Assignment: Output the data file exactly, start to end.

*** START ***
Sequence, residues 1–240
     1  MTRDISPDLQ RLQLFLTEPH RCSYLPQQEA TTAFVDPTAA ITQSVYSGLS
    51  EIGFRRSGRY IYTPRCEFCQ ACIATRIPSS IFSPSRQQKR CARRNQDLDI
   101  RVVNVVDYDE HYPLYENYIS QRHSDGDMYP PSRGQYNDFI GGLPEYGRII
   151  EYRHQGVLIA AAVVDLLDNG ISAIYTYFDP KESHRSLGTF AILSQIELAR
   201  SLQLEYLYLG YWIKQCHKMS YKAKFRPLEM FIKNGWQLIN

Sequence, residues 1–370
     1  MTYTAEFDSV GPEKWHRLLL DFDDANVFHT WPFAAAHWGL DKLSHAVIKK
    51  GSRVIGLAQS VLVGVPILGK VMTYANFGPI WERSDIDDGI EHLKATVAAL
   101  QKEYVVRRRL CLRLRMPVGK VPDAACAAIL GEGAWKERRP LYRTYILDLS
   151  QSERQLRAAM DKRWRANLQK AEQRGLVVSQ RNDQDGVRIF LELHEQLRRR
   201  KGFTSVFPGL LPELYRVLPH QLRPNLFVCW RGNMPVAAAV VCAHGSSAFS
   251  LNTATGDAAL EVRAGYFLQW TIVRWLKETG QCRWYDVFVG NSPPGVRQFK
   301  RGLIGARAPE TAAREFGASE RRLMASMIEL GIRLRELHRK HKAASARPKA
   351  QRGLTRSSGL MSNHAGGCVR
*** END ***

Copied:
Sequence, residues 1–240
     1  MTRDISPDLQ RLQLFLTEPH RCSYLPQQEA TTAFVDPTAA ITQSVYSGLS
    51  EIGFRRSGRY IYTPRCEFCQ ACIATRIPSS IFSPSRQQKR CARRNQDLDI
   101  RVVNVVDYDE HYPLYENYIS QRHSDGDMYP PSRGQYNDFI GGLPEYGRII
   151  EYRHQGVLIA AAVVDLLDNG ISAIYTYFDP KESHRSLGTF AILSQIELAR
   201  SLQLEYLYLG YWIKQCHKMS YKAKFRPLEM FIKNGWQLIN

Sequence, residues 1–370
     1  MTYTAEFDSV GPEKWHRLLL DFDDANVFHT WPFAAAHWGL DKLSHAVIKK
    51  GSRVIGLAQS VLVGVPILGK VMTYANFGPI WERSDIDDGI EHLKATVAAL
   101  QKEYVVRRRL CLRLRMPVGK VPDAACAAIL GEGAWKERRP LYRTYILDLS
   151  QSERQLRAAM DKRWRANLQK AEQRGLVVSQ RNDQDGVRIF LELHEQLRRR
   201  KGFTSVFPGL LPELYRVLPH QLRPNLFVCW RGNMPVAAAV VCAHGSSAFS
   251  LNTATGDAAL EVRAGYFLQW TIVRWLKETG QCRWYDVFVG NSPPGVRQFK
   301  RGLIGARAPE TAAREFGASE RRLMASMIEL GIRLRELHRK HKAASARPKA
   351  QRGLTRSSGL MSNHAGGCVR